Alliance Defending Freedom attorneys representing Connecticut high school runners Selina Soule, Alana Smith and Chelsea Mitchell are calling on the presiding judge to recuse himself after he forbid lawyers from referring to the transgender athletes involved in the case as “males.”
“Referring to these individuals as ‘transgender females’ is consistent with science, common practice and perhaps human decency,” said District Judge Robert Chatigny during an April 16 hearing. “To refer to them as ‘males,’ period, is not accurate.
“This isn’t a case involving males who have decided that they want to run in girls’ events,” he added. “This is a case about girls who say that transgender girls should not be allowed to run in girls’ events. So going forward, we will not refer to the proposed intervenors as ‘males’; understood?”
Roger Brooks, the lead attorney for ADF, responded by pointing out that the biology of transgender athletes seeking to compete in the women’s division is relevant to the case.
“The entire focus of the case is the fact that the [Connecticut Interscholastic Athletic Conference’s] policy allows individuals who are physiologically, genetically male to compete in girls’ athletics,” Brooks explained. “ … The point of this case is physiology of bodies driven by chromosomes and the documented athletic advantage that comes from a male body, male hormones, and male puberty in particular.
“So, Your Honor, I do have a concern that I am not adequately representing my client and I’m not accurately representing their position in this case as it has to be argued before Your Honor and all the way up if I refer to these individuals as ‘female,’ because … when we’re talking about physiology, that’s not accurate,” Brooks told the judge.
In the motion for recusal, filed May 8, ADF attorneys argued that the judge’s “statements were unjustified and inconsistent with the appearance of impartiality.”
“The Court’s Order and comments during the hearing would leave an impartial observer gravely concerned that the Court has prejudged the matter, rejected core aspects of the plaintiffs’ case before hearing the evidence and legal arguments, and assumed the role of advocate for the defendants,” the motion reads.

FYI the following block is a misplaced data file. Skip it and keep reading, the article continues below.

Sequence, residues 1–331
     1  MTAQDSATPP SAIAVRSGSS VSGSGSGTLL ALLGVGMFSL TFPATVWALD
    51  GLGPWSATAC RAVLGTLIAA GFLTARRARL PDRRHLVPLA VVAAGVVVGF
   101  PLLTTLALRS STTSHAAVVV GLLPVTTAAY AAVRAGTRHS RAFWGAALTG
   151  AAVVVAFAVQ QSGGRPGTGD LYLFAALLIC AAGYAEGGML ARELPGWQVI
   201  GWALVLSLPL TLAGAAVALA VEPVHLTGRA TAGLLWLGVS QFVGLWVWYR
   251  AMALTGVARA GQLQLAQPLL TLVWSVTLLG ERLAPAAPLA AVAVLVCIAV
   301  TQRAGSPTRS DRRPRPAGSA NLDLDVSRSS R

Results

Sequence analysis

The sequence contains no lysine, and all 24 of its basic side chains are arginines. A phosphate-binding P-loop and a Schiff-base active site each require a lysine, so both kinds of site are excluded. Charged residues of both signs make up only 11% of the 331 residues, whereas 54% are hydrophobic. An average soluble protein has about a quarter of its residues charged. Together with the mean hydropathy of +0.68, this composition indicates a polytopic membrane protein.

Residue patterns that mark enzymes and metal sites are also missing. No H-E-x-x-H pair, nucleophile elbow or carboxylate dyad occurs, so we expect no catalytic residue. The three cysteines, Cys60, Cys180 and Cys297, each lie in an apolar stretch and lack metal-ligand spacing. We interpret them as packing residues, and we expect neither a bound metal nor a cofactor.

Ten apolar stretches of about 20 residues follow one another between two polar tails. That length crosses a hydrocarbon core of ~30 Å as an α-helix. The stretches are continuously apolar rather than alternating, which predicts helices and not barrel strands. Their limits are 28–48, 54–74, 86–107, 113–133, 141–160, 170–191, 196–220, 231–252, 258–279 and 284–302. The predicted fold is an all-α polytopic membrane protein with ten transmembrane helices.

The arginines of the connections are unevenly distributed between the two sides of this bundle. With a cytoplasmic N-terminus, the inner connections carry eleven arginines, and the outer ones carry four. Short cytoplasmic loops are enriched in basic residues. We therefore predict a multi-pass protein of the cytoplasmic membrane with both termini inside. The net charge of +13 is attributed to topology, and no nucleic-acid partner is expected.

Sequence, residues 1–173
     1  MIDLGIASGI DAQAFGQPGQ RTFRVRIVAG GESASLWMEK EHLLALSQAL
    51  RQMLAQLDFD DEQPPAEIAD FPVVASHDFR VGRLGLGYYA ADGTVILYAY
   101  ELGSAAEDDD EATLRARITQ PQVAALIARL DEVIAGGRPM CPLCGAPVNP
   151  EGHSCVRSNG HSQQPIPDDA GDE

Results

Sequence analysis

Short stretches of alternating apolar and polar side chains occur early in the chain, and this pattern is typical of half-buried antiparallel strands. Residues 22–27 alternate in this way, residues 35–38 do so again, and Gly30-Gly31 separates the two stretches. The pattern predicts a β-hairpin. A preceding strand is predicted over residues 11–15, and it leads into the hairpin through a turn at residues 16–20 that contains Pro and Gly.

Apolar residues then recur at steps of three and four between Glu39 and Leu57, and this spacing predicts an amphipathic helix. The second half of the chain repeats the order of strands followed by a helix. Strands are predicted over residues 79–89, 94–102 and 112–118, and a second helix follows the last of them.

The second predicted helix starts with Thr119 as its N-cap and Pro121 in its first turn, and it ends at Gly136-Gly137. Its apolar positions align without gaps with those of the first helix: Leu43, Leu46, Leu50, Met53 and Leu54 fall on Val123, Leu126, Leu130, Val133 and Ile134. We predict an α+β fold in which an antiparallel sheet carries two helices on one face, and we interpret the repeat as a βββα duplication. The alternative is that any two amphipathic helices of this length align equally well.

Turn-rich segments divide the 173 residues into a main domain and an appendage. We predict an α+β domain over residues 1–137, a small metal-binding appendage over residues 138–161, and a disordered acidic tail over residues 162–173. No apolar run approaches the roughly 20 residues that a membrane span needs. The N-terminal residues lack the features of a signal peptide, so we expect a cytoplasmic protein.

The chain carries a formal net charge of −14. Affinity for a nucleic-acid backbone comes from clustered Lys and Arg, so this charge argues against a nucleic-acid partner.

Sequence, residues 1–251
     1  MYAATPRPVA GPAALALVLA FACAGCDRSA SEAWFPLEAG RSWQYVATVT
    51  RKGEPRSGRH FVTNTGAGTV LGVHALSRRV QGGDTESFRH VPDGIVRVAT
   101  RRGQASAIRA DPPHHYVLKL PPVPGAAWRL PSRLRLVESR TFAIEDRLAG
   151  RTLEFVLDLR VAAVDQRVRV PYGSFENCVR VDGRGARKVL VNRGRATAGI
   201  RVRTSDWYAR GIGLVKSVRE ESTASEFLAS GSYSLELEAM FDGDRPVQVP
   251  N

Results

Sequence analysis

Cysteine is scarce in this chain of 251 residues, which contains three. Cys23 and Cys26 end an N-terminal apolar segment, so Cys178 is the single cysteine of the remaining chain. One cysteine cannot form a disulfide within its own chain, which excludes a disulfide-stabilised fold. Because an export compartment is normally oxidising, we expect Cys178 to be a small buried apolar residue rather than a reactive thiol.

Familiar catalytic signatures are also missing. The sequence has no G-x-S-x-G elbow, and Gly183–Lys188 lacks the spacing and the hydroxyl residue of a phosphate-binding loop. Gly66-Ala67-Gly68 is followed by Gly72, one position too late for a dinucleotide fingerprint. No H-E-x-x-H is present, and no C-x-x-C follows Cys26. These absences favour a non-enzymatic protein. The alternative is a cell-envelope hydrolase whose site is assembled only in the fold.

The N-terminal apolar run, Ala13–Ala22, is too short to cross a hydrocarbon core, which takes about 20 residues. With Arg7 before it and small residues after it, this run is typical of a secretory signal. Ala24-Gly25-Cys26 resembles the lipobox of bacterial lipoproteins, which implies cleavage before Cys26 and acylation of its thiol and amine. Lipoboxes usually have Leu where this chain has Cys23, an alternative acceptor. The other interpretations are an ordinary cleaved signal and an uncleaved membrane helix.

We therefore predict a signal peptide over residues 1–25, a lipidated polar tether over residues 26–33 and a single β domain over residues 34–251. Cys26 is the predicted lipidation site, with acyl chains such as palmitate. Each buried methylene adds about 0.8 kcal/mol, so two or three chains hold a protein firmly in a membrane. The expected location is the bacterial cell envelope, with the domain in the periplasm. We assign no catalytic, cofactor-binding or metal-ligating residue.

In March, Attorney General William Barr signed a statement of interest on behalf of the female athletes.
“The Connecticut Interscholastic Athletic Conference (CIAC) has adopted a policy that requires biological males to compete against biological females—despite the real physiological differences between the sexes—if the male is a transgender individual who publicly identifies with the female gender,” wrote Barr and other Department of Justice officials. “CIAC claims that ‘federal law’ requires this state of affairs. … They are incorrect.
“In [allowing biological males to compete against biological females], CIAC deprives … women of the single-sex athletic competitions that are one of the marquee accomplishments of Title IX.”
“It’s just really frustrating and heartbreaking, because we all train extremely hard to shave off just fractions of a second off of our time,” Soule told the Wall Street Journal. “And these athletes can do half the amount of work that we do, and it doesn’t matter. We have no chance of winning.”
Above: High school athletes Alanna Smith (left), Chelsea Mitchell (center) and Selina Soule (right) stand outside the State Capitol in Hartford, Connecticut, following the announcement of their federal lawsuit on Feb. 12, 2020.
Photo: Courtesy of Alliance Defending Freedom